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Ebola - my visual charts & projections based on WHO data

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posted on Aug, 13 2014 @ 03:26 PM
WHO released new data today, covering the Ebola outbreak numbers through August 11, 2014. I've updated some of the charts I've been creating below.

As with the original charts, Chart 1 and Chart 2 show the number of cases and the number of deaths for the Ebola outbreak that have actually been reported. In Chart 1, the y-axis is linear. In Chart 2, the y-axis is a logarithmic scale where divisions of the axis increase by powers of 10.

Click the graphic above to see it larger.

Click the graphic above to see it larger.

I didn't update charts 3, 4, and 5 (the projections) for two reasons. First, there wouldn't be much change yet, so previous projections in this thread are on-track, unfortunately. But second, I hope it's a good sign that all the suspected cases outside the original outbreak countries have allegedly been negative so far.

I updated the newest graph, Chart 6, with the new WHO data though. Chart 6 is similar to Chart 2 except that on Chart 6 the y-axis is in powers of 2 rather than powers of 10.

A number of people have mentioned or asked about the Basic Reproduction Number (R0), which is the average number of people who are infected by someone. I am not an epidemiologist. But if R0 is approximately 2 (give or take a little, as calculated from previous Ebola outbreaks) and if it is an average of about 2 or 3 weeks between generations (given the incubation time), I think Chart 6 shows about what one would expect. The current outbreak has doubled about 11 times in about 8 months and 11 days since the presumed first case.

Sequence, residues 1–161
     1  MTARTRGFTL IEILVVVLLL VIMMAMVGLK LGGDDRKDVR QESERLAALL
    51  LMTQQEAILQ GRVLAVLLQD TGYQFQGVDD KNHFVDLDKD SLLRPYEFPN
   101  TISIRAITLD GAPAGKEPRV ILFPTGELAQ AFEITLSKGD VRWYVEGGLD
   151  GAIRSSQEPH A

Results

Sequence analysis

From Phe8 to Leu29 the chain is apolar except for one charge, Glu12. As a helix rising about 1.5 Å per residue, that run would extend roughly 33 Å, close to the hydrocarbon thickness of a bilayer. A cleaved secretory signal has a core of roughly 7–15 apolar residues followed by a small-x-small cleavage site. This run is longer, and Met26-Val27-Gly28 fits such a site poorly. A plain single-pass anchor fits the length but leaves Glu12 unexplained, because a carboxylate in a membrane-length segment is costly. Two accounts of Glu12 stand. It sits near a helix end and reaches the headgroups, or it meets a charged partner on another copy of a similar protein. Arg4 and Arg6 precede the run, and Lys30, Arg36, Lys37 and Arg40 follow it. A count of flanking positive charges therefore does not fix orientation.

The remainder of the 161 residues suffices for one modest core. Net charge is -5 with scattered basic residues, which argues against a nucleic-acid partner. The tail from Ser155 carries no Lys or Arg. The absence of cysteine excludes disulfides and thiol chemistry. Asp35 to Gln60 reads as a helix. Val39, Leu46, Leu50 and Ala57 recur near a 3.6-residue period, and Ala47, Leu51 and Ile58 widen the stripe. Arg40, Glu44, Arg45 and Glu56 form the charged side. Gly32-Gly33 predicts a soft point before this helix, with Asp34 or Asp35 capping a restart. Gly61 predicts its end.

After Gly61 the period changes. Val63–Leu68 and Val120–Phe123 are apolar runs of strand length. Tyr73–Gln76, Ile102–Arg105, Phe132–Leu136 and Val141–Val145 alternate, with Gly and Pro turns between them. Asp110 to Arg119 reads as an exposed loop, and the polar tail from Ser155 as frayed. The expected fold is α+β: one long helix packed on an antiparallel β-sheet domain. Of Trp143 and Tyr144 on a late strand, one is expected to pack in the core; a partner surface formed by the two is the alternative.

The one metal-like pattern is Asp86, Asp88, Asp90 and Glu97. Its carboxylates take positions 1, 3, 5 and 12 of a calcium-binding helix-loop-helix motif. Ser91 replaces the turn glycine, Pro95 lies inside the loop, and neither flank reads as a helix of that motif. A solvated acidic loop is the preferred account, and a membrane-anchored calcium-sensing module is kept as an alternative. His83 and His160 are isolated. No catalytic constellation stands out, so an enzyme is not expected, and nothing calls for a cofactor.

Click the graphic above to see it larger.

The charts above were created and updated by me (not by WHO or NEJM) using the data from the news updates on the following WHO and The New England Journal of Medicine websites:

SOURCE: WHO website 1

SOURCE: WHO website 2

SOURCE: The New England Journal of Medicine
edit on 13-8-2014 by ikonoklast because: Changed Basic Reproduction Rate to Basic Reproduction Number.

posted on Aug, 13 2014 @ 03:49 PM
ikonoclast you are doing a great job making these charts.
how come the scientific community did not do that in articles.

here are a collection of articles about ebola showing that
1- antibodies helped monkeys survive the disease.

2-that since 2003 outbreaks were composed of different strains at the same time?
no reason is found yet???
ebola collection of studies in science magazine. freecollection of all ebola science mag articles free
show antibodies saved lives of monkeys
and can do same in humans !